Unpublished data shows breast cancer drug 'third less effective'

Drug trial involving 1,000 women given Herceptin shows drug is not effective as thought

Unpublished data from trials of the breast cancer drug Herceptin show that it may be up to a third less effective than has been claimed, experts will say today.

Writing in the Lancet medical journal, doctors in New Zealand say they may have identified a new case of publication bias - in which drug companies publish only trial results that are favourable.

Doctors from the Pharmaceutical Management Agency (Pharmac), which is the equivalent of the UK's National Institute for health and Clinical Excellence, say the missing data is important and relates to a trial involving nearly 1,000 women.

In the trial, the North Central Cancer Treatment Group (NCCTG), one group of women with early breast cancer were given Herceptin at the same time as chemotherapy drugs called taxanes. Another group were given Herceptin after they had finished chemotherapy.

The results from those given Herceptin and taxanes concurrently have been published, say the New Zealand team, and were good - they cut the number of breast cancers that recurred by a third.

But results from the women who were given taxanes followed by Herceptin (the method used in Britain) have not been published in a peer-reviewed journal. The experts are aware of both results, as they featured in an oral presentation at a cancer meeting in 2005 and on a slide presentation on a website.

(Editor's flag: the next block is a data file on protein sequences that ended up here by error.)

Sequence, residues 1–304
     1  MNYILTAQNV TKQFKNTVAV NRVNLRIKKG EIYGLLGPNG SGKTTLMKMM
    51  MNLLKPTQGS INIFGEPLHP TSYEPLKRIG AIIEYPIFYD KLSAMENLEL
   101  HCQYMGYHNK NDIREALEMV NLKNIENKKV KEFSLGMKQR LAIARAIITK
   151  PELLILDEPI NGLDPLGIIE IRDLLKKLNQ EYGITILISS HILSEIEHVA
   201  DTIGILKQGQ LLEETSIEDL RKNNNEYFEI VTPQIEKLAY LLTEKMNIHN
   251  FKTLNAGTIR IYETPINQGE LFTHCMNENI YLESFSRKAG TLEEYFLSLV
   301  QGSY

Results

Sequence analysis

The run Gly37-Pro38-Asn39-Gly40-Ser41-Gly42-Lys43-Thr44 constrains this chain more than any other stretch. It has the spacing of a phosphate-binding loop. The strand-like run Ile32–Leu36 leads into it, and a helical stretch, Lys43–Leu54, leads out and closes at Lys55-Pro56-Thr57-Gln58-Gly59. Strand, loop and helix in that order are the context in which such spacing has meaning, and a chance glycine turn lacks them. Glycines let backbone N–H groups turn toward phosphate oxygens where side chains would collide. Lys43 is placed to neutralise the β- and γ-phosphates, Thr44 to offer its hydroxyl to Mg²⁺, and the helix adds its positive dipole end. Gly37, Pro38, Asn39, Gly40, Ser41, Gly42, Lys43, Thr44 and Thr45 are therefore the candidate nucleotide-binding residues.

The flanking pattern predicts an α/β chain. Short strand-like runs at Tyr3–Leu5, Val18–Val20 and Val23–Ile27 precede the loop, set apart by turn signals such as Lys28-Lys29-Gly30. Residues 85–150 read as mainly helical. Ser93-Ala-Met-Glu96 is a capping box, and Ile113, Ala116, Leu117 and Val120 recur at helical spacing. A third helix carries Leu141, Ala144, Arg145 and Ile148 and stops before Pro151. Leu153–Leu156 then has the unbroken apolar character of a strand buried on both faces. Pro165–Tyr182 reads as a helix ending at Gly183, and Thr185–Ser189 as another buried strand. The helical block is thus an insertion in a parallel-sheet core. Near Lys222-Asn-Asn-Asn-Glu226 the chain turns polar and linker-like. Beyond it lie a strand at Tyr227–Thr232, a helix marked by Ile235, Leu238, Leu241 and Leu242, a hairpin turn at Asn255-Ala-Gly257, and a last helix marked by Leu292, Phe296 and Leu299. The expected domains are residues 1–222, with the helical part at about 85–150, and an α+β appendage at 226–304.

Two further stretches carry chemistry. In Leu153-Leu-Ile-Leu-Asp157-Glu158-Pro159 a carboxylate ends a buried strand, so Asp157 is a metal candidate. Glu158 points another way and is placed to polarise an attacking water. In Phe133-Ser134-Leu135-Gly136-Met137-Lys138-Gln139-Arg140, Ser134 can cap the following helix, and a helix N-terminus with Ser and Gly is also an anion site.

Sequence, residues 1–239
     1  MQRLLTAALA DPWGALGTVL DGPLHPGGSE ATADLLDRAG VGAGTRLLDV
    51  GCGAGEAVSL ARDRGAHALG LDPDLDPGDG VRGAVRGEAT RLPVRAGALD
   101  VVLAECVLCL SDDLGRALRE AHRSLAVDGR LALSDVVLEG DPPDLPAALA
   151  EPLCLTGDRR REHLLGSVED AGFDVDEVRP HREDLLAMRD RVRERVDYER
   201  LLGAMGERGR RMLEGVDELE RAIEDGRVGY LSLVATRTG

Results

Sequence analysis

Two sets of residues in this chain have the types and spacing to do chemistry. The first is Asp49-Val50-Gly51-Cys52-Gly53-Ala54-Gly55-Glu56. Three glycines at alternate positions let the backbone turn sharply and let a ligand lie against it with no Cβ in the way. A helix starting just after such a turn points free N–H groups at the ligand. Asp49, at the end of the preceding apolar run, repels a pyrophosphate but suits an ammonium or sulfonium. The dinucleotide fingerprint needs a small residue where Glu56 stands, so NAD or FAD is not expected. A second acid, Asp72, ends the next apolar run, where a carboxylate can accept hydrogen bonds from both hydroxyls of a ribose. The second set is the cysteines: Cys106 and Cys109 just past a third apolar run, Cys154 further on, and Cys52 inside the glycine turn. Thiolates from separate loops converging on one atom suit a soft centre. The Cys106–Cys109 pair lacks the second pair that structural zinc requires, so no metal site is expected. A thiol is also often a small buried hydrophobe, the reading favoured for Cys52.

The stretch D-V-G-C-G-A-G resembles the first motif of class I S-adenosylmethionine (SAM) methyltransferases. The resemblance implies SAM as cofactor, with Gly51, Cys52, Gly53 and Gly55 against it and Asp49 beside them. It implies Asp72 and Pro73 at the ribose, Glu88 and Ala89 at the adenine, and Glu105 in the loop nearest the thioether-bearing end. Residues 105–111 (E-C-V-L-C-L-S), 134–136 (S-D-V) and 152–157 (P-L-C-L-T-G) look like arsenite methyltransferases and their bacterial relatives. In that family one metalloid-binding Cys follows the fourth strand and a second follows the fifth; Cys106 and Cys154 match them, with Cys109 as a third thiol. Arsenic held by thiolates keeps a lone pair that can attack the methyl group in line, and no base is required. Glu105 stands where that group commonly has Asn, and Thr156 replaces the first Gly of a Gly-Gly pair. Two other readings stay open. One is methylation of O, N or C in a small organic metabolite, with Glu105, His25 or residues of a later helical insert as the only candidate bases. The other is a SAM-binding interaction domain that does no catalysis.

What they show, say the Pharmac doctors, was that only a comparatively small number of cancers were prevented from coming back and, statistically, there was a reasonable chance that Herceptin did not protect the women at all.

"The selective release of data from the NCCTG study has far-reaching implications for women with [Herceptin-susceptible] early breast cancer. Without these data, sequential trastuzumab (Herceptin) seems more effective than it probably is," write Dr Scott Metcalfe and his colleagues at Pharmac. With the missing data the trial "shows a treatment effect one-third less than initially estimated," they add.

Another big Herceptin trial, called Hera, looked at the use of the drug following chemotherapy instead of at the same time and had very positive results. In New Zealand, Pharmac tells doctors to give it at the same time as a taxane.

Roche, the maker of Herceptin, said the NCCTG trial was sponsored by the National Cancer Institute in the US. There was a pre-agreed trial protocol and an independent monitoring committee oversaw the results. It was up to the investigators to publish the data, said Roche, adding: "Four large trials involving more than 13,000 patients have consistently shown that Herceptin extends survival when administered either sequentially or concurrently with adjuvant chemotherapy."

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Sarah Boseley, health editor

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